Our guest blogger Lune (who in one of his past lives worked on the Hill) was just in India and gives us his take on the Satyam Computers case, which has gotten scant coverage in the US. The Indian government’s reaction to its biggest corporate scandal ever makes for a useful object lesson.
We Americans have typically prided ourselves on having the most reliable, transparent, and well regulated financial markets in the world. That reputation has taken quite a beating in the past couple of years, arguably starting with Enron and accelerating in the past year; so much so that we have begun looking at such countries as Sweden, Japan, and the UK for possible examples of how to deal with our current financial troubles. Perhaps another good example might be India.
While much of the world’s attention has been consumed by the drama in the US and Europe, India has been rocked with what is being called the biggest corporate fraud in its history, something akin to America’s Enron and Lehman.
Satyam Computers, one of the largest IT firms in India, has been embroiled in an accounting scandal. To summarize briefly, this autumn, Satyam’s founder and (now former) chairman, B. Ramalinga Raju, proposed to Satyam’s board that the company buy two unrelated firms substantially owned and run by his family members.
In December, the board agreed and announced its decision, only to be greeted by a massive investor revolt over this non-arms-length deal. Within a few days, the deal was scuttled. Soon afterward, several board members resigned, and the company became the focus of closer scrutiny by investors and the press. On Jan. 7th, Ramalinga Raju resigned as chairman of Satyam and admitted that the company inflated its earnings for the past several years and engaged in accounting fraud to the tune of ~Rs. 7,000 crore (Rs. 70 bil or $1.4 bil). A more detailed account and timeline can be found here.
While the details of exactly what happened will take some time to figure out, the government’s response has been swift:
From the WSJ: Within a week of Ramalinga’s resignation, he, his brother, and Satyam’s CFO have been arrested and are currently in jail awaiting trial on criminal charges of conspiracy, cheating and falsification of records.
The entire board of the company has been dismissed by the government, and a new board has been constituted with members nominated by the central government including one former member of SEBI, the Securities and Exchange Board of India (India’s version of the SEC). This new board will hire a new CEO, and other key executives, with the stated goals being “to restore the company’s credibility, customer confidence and employees’ morale and to safeguard the interest of investors and other stakeholders.”
From the Business Standard and The Hindu: SEBI has announced that it will conduct a “peer review” of the financial statements of every company in the Nifty and Sensex indices (indices consisting of the 80 largest and most actively traded Indian companies, akin to the US DJIA or S&P 500) for both the 3rd quarter and for the past year. A peer review is to consist of an analysis of the statements along with the working papers used by the company’s auditor to certify the statements. This peer review will be done by an auditor unrelated to the company’s current accounting firm, selected from a panel of independent auditors to be named by the government.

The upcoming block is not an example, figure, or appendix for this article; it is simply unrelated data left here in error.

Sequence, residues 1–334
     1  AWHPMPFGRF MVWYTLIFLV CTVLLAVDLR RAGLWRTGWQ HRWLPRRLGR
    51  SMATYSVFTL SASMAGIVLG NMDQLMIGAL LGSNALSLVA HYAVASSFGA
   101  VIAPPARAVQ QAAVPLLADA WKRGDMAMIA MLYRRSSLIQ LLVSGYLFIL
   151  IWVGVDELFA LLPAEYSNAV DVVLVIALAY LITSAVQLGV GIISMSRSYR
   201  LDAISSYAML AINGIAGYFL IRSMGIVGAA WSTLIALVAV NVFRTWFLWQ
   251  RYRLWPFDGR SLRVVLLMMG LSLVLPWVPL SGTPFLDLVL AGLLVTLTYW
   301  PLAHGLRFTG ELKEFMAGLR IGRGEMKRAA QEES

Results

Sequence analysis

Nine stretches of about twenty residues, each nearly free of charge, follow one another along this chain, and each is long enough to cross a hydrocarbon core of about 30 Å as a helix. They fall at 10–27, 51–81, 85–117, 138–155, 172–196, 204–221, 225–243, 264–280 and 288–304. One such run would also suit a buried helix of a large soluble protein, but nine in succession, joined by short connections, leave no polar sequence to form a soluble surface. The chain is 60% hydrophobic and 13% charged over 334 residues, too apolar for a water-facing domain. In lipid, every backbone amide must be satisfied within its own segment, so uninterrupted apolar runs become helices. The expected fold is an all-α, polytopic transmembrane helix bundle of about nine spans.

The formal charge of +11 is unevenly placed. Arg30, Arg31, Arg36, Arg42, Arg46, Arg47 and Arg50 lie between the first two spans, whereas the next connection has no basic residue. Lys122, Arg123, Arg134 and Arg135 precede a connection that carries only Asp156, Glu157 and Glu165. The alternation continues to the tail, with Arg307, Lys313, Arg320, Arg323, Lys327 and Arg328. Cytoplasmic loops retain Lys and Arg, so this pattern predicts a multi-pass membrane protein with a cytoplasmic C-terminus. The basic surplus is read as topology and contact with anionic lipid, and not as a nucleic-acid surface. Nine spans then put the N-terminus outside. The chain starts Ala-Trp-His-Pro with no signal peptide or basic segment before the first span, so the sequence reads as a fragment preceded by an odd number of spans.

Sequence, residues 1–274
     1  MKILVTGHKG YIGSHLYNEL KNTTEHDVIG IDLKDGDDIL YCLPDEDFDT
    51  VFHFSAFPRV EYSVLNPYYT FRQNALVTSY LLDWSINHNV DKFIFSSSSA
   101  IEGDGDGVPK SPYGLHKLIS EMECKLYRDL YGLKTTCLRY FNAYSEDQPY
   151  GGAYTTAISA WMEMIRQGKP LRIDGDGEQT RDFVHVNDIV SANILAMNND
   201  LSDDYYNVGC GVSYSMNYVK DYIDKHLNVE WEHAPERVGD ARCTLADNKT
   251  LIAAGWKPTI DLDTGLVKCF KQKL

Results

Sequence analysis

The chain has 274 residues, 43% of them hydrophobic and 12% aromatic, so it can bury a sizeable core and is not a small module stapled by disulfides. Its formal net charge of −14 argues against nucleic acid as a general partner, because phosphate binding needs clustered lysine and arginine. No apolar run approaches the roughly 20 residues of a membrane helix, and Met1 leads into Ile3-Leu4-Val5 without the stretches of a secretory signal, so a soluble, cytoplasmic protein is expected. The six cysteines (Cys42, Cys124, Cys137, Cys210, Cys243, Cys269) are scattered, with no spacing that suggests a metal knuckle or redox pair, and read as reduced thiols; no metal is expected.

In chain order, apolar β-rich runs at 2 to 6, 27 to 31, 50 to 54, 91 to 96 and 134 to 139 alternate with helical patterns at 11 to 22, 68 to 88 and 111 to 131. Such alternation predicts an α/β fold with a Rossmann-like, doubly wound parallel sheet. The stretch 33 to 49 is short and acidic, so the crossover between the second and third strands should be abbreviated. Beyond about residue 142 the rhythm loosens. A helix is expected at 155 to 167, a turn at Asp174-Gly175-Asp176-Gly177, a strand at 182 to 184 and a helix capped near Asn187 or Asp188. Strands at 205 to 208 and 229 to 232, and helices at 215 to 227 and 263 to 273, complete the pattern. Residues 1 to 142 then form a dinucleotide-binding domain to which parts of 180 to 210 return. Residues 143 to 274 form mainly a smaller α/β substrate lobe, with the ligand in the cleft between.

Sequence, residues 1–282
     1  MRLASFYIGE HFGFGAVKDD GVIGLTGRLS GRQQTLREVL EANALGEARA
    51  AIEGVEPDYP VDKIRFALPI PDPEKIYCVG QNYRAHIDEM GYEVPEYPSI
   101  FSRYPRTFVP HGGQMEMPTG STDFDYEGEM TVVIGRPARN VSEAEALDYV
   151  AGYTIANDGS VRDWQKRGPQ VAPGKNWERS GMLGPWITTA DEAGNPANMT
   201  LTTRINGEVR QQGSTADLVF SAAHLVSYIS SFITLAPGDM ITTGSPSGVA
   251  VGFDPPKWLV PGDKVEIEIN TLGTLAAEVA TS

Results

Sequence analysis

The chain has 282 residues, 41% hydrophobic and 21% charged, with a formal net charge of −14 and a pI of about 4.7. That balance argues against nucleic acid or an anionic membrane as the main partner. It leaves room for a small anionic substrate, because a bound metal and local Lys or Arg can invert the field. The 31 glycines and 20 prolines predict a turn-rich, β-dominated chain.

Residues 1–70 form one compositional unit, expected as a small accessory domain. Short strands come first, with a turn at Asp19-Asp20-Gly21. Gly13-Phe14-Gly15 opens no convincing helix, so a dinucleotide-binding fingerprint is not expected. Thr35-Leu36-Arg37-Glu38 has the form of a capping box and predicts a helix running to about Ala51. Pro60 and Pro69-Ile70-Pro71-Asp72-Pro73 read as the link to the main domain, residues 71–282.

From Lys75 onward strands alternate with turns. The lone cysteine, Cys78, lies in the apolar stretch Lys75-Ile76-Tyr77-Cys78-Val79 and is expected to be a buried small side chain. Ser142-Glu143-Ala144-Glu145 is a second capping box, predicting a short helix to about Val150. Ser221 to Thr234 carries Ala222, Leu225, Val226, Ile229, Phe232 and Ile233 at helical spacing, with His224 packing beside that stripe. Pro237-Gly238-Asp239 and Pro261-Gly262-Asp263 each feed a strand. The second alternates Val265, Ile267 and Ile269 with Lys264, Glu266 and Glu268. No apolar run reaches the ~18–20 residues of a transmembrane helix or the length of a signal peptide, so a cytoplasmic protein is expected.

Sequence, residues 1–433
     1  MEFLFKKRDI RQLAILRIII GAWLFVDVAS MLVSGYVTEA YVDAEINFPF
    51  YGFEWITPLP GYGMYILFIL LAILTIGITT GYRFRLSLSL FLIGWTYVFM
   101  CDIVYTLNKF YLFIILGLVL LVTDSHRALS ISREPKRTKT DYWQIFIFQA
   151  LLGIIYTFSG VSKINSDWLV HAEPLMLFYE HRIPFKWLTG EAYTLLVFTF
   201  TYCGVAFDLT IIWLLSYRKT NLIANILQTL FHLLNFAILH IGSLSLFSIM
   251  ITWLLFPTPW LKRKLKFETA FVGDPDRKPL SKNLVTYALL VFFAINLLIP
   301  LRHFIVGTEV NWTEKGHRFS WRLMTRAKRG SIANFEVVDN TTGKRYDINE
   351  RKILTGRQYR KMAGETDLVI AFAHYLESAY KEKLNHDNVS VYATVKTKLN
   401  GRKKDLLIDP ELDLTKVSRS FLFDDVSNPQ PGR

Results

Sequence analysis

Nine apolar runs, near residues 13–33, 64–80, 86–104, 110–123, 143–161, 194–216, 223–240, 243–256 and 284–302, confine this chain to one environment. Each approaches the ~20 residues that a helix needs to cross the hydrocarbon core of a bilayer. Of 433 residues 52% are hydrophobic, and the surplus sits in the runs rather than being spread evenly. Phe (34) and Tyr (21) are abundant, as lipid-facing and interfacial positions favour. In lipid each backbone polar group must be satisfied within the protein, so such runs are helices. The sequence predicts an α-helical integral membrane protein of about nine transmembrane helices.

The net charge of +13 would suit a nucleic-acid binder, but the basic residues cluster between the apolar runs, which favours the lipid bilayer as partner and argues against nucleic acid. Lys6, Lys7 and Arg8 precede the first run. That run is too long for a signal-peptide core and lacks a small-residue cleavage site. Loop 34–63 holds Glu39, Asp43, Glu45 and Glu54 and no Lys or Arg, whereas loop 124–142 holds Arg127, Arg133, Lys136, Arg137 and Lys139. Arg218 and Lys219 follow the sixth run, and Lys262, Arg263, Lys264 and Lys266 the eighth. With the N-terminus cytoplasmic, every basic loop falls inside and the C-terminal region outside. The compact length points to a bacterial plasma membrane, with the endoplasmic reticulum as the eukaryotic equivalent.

From The Economic Times: In addition, SEBI is developing criteria for additional companies to be peer reviewed, targeting companies with the highest likelihood of having engaged in similar fraudulent practices. For example, it is looking at including companies with multiple subsidiaries or companies whose shares have risen abnormally just before the announcement of results.
Certainly, we will need to see whether all these initial efforts are followed through, and India’s extensive government corruption is well documented, so this may all still come to nothing.
That said, the Indian government’s rapid and comprehensive response, including the arrest and criminal charges for the perpetrators of the fraud, the sacking and reconstitution of the company’s board with truly independent and activist members (despite Satyam being a fully private company), and the investigation of the largest companies and those that might be most suspicious in the eyes of investors will do a great deal to restore the Indian people’s confidence in their private markets. Furthermore, it stands in stark contrast to the kid gloves with which we have treated our own fraudsters
Why is Dick Fuld still roaming the streets after making false statements about Lehman’s health right up until its implosion? How about Angelo Mozilo? And why haven’t the incompetent boards of such companies as Citi been dismissed? And would things have been better if after the implosion of Bear Sterns, the SEC ordered a “peer review” of all major investment and commercial banks so that it could deal with problems before they blew up into Lehman and Citi sized disasters?
While skeptics often dismiss “socialist” countries like India for confiscatory taxation and state-sponsored market manipulation, it is ironic to note that India at least, appears to be taking comprehensive steps to ensure the integrity of its free markets while not (yet) spending a dime of public money bailing out its bad apples. The U.S., in contrast appears to be doing the exact opposite…